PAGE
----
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infection control

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Specializes in NICU. Has 21 years experience.

I would like to know who might have a policy for changing incubators. Where I work, we do it every 7 days but am always wondering if this is really necessary?? Has there ever been a study/investigation about this in your unit? Thanks for your input in advance!

Imafloat, BSN, RN

Has 13 years experience.

We change them out every 7 days. Not sure if there has been a study done in my unit. Most of our policies are backed up with research so I am sure they researched the research.

RN4BABES

Specializes in NICU. Has 21 years experience.

I went to the link about previous discussion on changing isolettes. We are not "allowed" to use those beloved Giraffes due to infection control reasons. Something to do with the humidity...of course we love those but the management is getting rid of them one by one. We have the new Drager "Caleo's" so they might/must be different in some regard! I am looking for any literature on infection control...if your unit's policies are based on studies...where are they? A colleague of mine searched the net for hours and came up with nothing! Would appreciate any links to published studies.... Does anyone else out there find the Caleo's difficult to maneuvre? (when changing them)

RainDreamer, BSN, RN

Specializes in NICU. Has 16 years experience.

We change all or our beds out every 2 weeks.

We primarily use giraffes with and without humidity. If there is any sort of humidity in the bed, there is to be absolutely NO "pretty" blankets, stuffed animals, beanies, frogs, etc, etc. All that is allowed to be in there is the bottom sheet and the roll.

I don't know of any studies done regarding the bed changes and/or humidity. I know we had a lot of infection issues a couple of years ago, but we switched to doing sterile line changes and just being more aware of how we wash our hands and what we put in the bed and touch the baby with. Our infection rates have gone down drastically just doing those things, we never changed our bed changing policies.

BittyBabyGrower, MSN, RN

Specializes in NICU, PICU, educator.

We change them every 2 weeks as per manufacturer's recommendations.

RN4BABES

Specializes in NICU. Has 21 years experience.

what manufacturer? Who makes your incubators?

SteveNNP, MSN, NP

Specializes in Neonatal ICU (Cardiothoracic). Has 9 years experience.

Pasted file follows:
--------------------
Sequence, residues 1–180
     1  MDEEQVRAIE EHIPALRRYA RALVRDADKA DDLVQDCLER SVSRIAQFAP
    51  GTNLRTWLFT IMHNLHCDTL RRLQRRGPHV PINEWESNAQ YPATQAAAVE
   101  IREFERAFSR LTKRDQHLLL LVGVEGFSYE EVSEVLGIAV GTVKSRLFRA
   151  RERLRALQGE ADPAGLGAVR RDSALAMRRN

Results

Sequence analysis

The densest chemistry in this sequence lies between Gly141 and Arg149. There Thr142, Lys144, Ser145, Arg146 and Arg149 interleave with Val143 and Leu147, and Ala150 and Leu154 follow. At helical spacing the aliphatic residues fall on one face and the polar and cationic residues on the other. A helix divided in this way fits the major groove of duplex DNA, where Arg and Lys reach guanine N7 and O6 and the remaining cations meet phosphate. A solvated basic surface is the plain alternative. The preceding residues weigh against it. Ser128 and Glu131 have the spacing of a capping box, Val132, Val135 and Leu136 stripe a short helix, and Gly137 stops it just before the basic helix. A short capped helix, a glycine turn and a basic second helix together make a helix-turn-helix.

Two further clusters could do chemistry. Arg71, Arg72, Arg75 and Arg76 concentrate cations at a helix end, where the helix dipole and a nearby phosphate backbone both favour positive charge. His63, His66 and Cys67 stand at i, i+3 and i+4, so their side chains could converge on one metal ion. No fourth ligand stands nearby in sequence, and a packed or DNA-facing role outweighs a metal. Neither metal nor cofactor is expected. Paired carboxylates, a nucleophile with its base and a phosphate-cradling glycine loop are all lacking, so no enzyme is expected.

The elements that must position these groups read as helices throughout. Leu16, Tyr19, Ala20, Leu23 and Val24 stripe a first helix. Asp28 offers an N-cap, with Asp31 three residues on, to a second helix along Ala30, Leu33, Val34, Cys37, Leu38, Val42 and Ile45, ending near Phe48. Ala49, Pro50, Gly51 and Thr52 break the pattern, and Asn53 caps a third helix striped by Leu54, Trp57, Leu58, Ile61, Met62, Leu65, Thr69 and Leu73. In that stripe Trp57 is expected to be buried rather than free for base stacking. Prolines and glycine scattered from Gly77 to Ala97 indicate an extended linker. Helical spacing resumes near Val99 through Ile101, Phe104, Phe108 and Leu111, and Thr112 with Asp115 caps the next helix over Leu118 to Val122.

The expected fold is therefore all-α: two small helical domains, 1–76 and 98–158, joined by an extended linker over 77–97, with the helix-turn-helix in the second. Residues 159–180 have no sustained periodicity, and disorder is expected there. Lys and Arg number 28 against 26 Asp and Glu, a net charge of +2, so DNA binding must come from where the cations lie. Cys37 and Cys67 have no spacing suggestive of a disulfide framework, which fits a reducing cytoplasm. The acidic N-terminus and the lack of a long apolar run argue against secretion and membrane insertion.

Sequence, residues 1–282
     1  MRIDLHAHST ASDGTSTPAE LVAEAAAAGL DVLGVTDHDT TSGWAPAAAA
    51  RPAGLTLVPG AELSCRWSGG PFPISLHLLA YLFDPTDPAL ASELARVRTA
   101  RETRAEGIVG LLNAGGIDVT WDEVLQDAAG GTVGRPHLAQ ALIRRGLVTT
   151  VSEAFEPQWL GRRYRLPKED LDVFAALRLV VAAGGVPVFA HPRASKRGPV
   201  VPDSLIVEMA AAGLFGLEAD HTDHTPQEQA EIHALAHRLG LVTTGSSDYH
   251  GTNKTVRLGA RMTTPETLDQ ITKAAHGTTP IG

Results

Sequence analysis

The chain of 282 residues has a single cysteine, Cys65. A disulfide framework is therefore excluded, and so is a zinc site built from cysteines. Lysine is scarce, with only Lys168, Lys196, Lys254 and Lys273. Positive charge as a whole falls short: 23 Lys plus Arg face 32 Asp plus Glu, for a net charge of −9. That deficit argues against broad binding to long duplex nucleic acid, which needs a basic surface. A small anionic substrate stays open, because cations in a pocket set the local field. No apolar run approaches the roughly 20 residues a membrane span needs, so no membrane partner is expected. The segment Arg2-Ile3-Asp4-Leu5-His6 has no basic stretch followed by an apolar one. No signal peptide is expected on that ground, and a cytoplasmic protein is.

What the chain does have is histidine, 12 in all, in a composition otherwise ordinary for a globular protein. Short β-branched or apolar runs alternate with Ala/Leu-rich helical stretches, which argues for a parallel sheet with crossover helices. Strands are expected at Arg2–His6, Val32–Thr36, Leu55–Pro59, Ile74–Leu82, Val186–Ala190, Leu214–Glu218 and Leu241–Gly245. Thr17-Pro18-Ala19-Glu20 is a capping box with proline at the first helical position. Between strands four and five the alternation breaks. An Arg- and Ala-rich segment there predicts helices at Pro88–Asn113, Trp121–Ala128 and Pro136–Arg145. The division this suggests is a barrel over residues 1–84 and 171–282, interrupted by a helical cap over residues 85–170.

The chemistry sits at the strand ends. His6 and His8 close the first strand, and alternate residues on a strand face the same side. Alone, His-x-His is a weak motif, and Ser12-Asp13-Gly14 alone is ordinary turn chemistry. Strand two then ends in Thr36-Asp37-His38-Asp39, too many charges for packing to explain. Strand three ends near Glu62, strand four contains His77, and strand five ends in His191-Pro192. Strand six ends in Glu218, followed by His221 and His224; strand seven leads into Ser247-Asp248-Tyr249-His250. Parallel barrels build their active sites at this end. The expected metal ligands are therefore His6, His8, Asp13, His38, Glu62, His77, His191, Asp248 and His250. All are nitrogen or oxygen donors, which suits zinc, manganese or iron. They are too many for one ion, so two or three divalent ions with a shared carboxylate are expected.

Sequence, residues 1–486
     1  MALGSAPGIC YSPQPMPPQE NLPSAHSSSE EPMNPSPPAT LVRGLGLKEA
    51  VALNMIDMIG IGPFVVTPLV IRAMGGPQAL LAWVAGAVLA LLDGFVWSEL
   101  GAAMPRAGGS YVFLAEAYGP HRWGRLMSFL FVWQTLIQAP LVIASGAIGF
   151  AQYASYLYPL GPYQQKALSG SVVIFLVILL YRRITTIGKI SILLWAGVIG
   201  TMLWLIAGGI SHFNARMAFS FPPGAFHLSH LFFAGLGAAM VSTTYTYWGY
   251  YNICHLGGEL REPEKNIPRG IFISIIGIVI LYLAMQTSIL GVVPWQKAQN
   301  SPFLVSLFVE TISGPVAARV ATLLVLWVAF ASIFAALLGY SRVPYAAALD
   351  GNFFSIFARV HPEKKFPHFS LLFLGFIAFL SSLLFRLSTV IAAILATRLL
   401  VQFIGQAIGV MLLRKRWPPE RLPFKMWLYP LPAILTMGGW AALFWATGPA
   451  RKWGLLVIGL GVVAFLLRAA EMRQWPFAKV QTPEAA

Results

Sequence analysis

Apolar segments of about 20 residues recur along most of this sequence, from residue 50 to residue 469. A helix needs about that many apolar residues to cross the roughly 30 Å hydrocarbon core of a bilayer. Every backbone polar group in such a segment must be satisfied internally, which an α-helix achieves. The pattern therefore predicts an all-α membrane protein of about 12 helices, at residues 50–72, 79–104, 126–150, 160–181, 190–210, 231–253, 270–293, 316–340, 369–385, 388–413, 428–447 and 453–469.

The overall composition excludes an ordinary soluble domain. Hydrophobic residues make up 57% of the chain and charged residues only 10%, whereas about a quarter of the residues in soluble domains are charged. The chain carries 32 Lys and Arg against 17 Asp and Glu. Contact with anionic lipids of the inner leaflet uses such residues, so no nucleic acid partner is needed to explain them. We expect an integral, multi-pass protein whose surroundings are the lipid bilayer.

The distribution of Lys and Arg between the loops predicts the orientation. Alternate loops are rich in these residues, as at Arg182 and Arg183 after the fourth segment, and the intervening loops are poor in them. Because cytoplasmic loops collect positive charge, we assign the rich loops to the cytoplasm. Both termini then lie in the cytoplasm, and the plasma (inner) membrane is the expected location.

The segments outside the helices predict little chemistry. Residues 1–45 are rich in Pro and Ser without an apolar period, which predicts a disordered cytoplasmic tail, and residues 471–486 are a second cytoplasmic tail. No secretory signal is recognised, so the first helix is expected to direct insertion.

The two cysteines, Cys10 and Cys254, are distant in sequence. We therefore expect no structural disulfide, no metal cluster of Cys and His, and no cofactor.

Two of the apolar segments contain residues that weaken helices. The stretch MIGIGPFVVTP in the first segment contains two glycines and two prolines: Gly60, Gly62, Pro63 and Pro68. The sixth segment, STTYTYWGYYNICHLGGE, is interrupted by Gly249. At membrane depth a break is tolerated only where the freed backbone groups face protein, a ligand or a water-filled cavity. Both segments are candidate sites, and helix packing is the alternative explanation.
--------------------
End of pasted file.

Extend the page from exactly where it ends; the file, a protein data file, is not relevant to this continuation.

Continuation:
We use giraffe isolettes and omnibeds. They are changed every 30 days and prn. At my last job we changed them every 14 days, and used a mixture of Draeger Caleo and Giraffe beds. We use humidity on all our preemies.

BittyBabyGrower, MSN, RN

Specializes in NICU, PICU, educator.

We have Dragers. All isolette manufacturers have recommended change times.

faltura, RN

Specializes in OB-GYNE and Infection COntrol.

Hi! Im an Infection Prevention and Control Nurse, as far as I know, you change the isolettes because of maintenance reasons. Just like in a normal private room, you have to transfer the patient after 15 days confinement to another room, so that we could do general cleaning for the room. Let us remember that the longer the hospitalization, the bigger the risk for Healthcare Acquired Infection (HAIs), so all of these are just preventive actions.

With the humidity, there is a belief that the higher the humidity the higher the risk for Ventilator Associated Pneumonia (VAP) although rcently, there was a research saying that increased humidification improve the mucociliary clearance of the patient's airway and Decrease incidence of airway infection.

Hope this could help

SteveNNP, MSN, NP

Specializes in Neonatal ICU (Cardiothoracic). Has 9 years experience.

With the humidity, there is a belief that the higher the humidity the higher the risk for Ventilator Associated Pneumonia (VAP) although rcently, there was a research saying that increased humidification improve the mucociliary clearance of the patient’s airway and Decrease incidence of airway infection.

Hope this could help

But all the gases the baby are breathing come from outside the isolette, through the vent tubing (humidified and filtered)....unless you're talking about ventilator circuit humidity here..

elizabells, BSN, RN

Specializes in NICU.

But all the gases the baby are breathing come from outside the isolette, through the vent tubing (humidified and filtered)....unless you're talking about ventilator circuit humidity here..

I do sometimes notice more tubing rainout in the hotter, more humid isolettes. Of course, those new Fisher-Paykels we're using are much wetter than the old ones, so I dunno.

NicuGal, MSN, RN

Specializes in NICU, PICU, PACU. Has 30 years experience.

I'm with Steve...I don't get what humidity you are talking about. Actually, we don't just change them for maintence...if you go to IHI.org and look at bundles, you will see that changing isolettes is recommended, esp with long term kids, with or without humidity. Think about what can grow in there, esp with things that spill like HAL from leaking IV's or formula/MBM that gets spilled. Great medium for bacteria. As for humidity in the Vent tubing, that is controlled usually by what temp the humidifier is set at, usually around core body temp. We get occas rainout with hotter beds, but it is pretty rare. VAP is more contributed to other things, as once again evidenced by IHI bundles.

We change beds according to the manufacter's recommendation, which is every one to two weeks if stable.

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